Kill tonight—or die.
The words burned, hot acid eating through his eyes, his brain. Right down to his soul.
Only a crazy person would obey.
He slapped both hands to his ears, squeezed hard against his head. Screwed his eyes shut. He hung there, cut off from the world, snagged on the life sounds of his body. The whoosh of breath, the beat of his heart.
The words boiled.
His skull hurt. He pulled his hands away, let them fall. The kitchen spun. He dropped into a chair, bent forward, and breathed deeply until the dizziness passed.
He sat up, looked again to the table.
The note lay upon the unfolded Kanner Lake Times newspaper, each word horrific against the backdrop of a coral crescent moon.
How did they get in here?
What a stupid question. As if they lacked stealth, as if mere walls and locked entrances could keep them out. He’d been down the hall in the bedroom watching TV, door wide open, yet had heard nothing. Hadn’t even sensed their presence as he pushed off the bed and walked to the kitchen for some water.
A chill blew over his feet.
His eyes bugged, then scanned the room. Over white refrigerator and oak cabinets, wiped-down counters and empty sink. To the threshold of the kitchen and into the hallway. There his gaze lingered as the chill worked up to his ankles.
It had to be coming from the front of the house.
His skin oozed sweat, a web of sticky fear spinning down over him. Trembling, he pulled himself out of the chair. He clung to the smooth table edge, ensuring his balance. Then, heart beating in his throat, he forced himself across the floor, around the corner, and toward the front door.
It hung open a few inches.
They were taunting him.
He approached, hands up and fingers spread, as if pushing through phantoms. Sounds of the night wafted on the frigid air—the rustle of breeze through tree limbs, distant car tires singing against pavement. He reached the door, peered around it, knowing he was a fool to seek sign of them. The air smelled crisp, tanged with the purity of pine trees. The last vestiges of snow dusted his porch, bearing the tracks of his footprints alone.
He closed the door and locked it. As if that would do any good. He sagged against the wall, defeated and sick. How stupid to think they would leave him in peace. Hadn’t he seen this coming? All the events of the last few months . . .
Shoulders drawn, he made his way back to the kitchen and his inevitable fate. Each footstep drew him away from the life he’d built, reasoning and confidence seeping from him like blood from a fatal wound. His conscience pulsed at what he had to do.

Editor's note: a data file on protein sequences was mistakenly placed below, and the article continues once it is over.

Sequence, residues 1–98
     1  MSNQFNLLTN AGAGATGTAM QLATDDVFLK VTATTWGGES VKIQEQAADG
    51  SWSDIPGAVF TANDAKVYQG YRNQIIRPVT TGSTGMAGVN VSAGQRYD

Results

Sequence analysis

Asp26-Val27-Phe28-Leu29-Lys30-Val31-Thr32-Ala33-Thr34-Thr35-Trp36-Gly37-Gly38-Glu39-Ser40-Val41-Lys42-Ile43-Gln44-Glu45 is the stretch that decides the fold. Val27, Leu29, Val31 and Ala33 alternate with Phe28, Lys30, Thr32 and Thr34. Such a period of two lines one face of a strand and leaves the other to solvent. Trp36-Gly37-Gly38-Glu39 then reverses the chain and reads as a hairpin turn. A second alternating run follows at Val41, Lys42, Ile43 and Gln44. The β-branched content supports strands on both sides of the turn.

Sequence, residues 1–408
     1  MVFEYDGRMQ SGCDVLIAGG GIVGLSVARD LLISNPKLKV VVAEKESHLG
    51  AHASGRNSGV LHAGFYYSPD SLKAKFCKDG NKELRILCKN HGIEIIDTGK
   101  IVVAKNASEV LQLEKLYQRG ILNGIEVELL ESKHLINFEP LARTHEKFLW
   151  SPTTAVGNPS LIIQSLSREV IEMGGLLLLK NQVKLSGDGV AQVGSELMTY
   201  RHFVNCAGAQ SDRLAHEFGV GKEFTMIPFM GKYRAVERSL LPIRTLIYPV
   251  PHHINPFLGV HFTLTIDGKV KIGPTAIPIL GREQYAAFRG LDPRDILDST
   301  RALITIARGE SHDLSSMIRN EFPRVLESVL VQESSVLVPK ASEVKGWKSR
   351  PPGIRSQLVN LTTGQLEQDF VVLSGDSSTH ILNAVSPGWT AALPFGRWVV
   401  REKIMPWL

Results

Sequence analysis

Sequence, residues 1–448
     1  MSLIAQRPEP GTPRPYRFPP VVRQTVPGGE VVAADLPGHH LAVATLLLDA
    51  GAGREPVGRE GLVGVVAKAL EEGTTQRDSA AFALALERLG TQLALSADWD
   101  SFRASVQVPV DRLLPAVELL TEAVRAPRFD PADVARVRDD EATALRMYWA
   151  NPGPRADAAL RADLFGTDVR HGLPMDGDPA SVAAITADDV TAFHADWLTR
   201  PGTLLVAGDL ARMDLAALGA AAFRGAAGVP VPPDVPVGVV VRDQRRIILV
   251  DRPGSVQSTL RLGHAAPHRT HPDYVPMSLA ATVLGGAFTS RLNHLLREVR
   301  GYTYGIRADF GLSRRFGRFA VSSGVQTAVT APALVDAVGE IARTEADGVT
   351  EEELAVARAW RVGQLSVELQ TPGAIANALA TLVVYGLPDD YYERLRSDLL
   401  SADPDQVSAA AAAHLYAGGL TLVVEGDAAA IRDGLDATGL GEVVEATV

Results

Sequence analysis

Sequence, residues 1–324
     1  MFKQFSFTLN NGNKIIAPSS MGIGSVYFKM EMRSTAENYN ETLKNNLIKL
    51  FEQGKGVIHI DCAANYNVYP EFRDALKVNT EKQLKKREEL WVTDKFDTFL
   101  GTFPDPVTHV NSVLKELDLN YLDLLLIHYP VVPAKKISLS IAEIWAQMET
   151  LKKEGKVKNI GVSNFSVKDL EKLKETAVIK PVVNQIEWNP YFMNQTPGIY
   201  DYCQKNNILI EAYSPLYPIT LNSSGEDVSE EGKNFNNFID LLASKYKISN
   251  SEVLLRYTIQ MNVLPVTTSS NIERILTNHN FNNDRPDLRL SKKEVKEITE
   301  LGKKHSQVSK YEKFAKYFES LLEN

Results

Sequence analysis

The message sat on his table, an executioner beckoning victim to the noose. He fell into the chair, wiped his forehead with the back of his hand. He read the words, fresh nausea rising in his stomach. No misunderstanding their commands. They had a chess score to settle. He was their pawn.
He pushed back against the chair, arms crossed and hugging himself, the way he used to do as a boy. Dully, he stared at the window, seeing only his own pitiable reflection. For a long time he watched himself, first transfixed in fright, then with the evolving expression of self-preservation.
If he just did this one thing, his debt would be paid. They’d leave him alone.
For another hour...two…he sat, forcing down the queasiness as he thought through dozens of details. How he should do it. What could go wrong.
By the time he rose near midnight, he’d laid his plans.
Gathering the necessary items, shrugging on a coat, he slipped out into the cold and soulless night.
If you'd like to visit the folks from Kanner Lake, stop by Brandilyn's character blog... Scenes and Beans.
Tuesday, April 03, 2007
It bothers me a little, but then he has a hobby that I don't like and I don't have any interest in -- that's a story for another time. ;) So imagine my surprise when I came home the other day and he said, "Hey, I know it's not much, but I got you this." He pulled out a scrapbook. At first I'm thinking, "Does this man know me?" I hate scrapbooking. (more power to y'all that get into it...just not my thing) Anyway, I'm looking at it wondering. Then he says, "I noticed your articles are piling up in your keepsake box and I thought you might want to put them in a scrapbook for when Tanner is older."
Awww...how sweet was that? I realized that though we are so different and he sometimes seems like he isn't listening, I think he is. I think he's doing the best he can in a world he has very little interest in and I need to be more patient with him and find ways to include him in this crazy world.
I know most of my readers fairly well and I know your spouses are very supportive, but do they "get" it? And what was the last just for fun, sweet thing your spouse did for you? Something simple, but meaningful.